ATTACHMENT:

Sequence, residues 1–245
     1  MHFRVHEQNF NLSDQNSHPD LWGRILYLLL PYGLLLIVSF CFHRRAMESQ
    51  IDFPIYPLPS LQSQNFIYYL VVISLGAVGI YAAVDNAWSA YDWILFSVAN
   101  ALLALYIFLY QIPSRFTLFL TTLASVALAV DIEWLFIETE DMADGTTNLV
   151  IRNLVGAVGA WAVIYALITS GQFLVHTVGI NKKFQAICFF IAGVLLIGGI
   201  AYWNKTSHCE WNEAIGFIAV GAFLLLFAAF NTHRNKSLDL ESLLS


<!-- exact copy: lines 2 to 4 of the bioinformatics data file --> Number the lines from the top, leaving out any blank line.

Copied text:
     1  MHFRVHEQNF NLSDQNSHPD LWGRILYLLL PYGLLLIVSF CFHRRAMESQ
    51  IDFPIYPLPS LQSQNFIYYL VVISLGAVGI YAAVDNAWSA YDWILFSVAN
   101  ALLALYIFLY QIPSRFTLFL TTLASVALAV DIEWLFIETE DMADGTTNLV